Public Policy - Theses, Dissertations, and other Required Graduate Degree Essays

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The healthy immigrant effect: A policy perspective

Author: 
Peer reviewed: 
No, item is not peer reviewed.
Date created: 
2020-04-02
Abstract: 

The Healthy Immigrant Effect (HIE) is the term given to the phenomena of immigrants arriving to Canada with stronger health than their Canadian-born counterparts. However, immigrant health experiences a steep decline over time since migration to reach the Canadian-born population’s health levels or lower. This paper examines the HIE from a policy perspective in the Canadian context by centering on the barriers and facilitators of migrant health. Data was used from the 2018 Canadian Community Health Survey to observe variations among immigrants and the Canadian-born population in both self-perceived health status and the variables related to health service utilization using logistic and linear regression models. A comprehensive policy model is recommended to make immigrant health a priority for both federal and provincial governments, including a migrant sensitive health strategy complemented by mandatory cultural sensitivity training for providers and administrators, and the inclusion of migrant-specific variables in the national health census.

Document type: 
Graduating extended essay / Research project
File(s): 
Supervisor(s): 
Maureen Maloney
Department: 
Arts & Social Sciences: School of Public Policy
Thesis type: 
(Project) M.P.P.

War on drug resistance: Policy interventions to tackle antibiotic misuse in Canada

Author: 
Date created: 
2020-03-23
Abstract: 

Antimicrobial resistance is a growing threat in Canada with profound implications for public health and wellbeing. Widespread misuse of antibiotics has led to increasing numbers of drug-resistant “superbugs” capable of causing serious and potentially untreatable infections. Addressing antibiotic misuse is crucial in order to curb antimicrobial resistance, but there is a lack of coordinated policy action across the country. Furthermore, research on the predictors of antibiotic misuse in Canada is sparse, which hinders policy makers’ ability to develop targeted interventions. This study analyzes national survey data to shed light on the extent of antibiotic misuse in Canada, including uncovering socio-demographic predictors of public misuse. The findings are used to inform proposed policy recommendations that aim to reduce antibiotic misuse in order to better position Canada to tackle antimicrobial resistance in the years ahead.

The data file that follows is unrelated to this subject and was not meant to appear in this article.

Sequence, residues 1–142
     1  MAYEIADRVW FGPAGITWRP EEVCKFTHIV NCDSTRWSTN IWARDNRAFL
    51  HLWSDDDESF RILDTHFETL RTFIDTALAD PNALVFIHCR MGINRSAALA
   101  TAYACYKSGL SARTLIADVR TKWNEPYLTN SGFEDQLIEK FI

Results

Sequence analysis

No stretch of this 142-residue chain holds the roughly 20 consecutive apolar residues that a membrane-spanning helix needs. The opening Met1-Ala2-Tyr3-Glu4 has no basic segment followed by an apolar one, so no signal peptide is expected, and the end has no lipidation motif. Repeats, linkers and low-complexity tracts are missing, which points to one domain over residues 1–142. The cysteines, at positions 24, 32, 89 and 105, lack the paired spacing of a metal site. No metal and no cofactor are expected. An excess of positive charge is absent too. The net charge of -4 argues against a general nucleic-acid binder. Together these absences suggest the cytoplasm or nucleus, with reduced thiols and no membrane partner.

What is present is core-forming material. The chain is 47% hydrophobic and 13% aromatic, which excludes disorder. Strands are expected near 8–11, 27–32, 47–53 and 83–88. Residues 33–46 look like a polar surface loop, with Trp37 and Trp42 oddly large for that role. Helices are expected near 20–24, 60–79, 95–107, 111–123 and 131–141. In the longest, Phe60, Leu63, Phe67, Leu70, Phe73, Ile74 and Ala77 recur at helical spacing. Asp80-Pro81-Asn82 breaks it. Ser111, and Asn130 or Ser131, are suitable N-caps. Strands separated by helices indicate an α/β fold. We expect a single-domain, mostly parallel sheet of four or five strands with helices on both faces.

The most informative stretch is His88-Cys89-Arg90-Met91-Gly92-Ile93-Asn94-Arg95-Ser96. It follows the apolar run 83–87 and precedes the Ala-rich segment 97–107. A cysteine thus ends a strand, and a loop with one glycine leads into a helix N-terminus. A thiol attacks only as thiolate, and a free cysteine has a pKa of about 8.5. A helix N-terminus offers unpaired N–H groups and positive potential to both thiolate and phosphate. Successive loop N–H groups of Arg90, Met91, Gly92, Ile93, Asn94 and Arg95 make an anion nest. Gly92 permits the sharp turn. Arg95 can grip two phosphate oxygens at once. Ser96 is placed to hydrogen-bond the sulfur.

Document type: 
Graduating extended essay / Research project
File(s): 
Supervisor(s): 
Dominique Gross
Department: 
Arts & Social Sciences: School of Public Policy
Thesis type: 
(Project) M.P.P.

Restoring the comfort of home: Addressing the challenge of placing hard-to-house populations in seniors’ social housing in British Columbia

Author: 
Date created: 
2020-04-08
Abstract: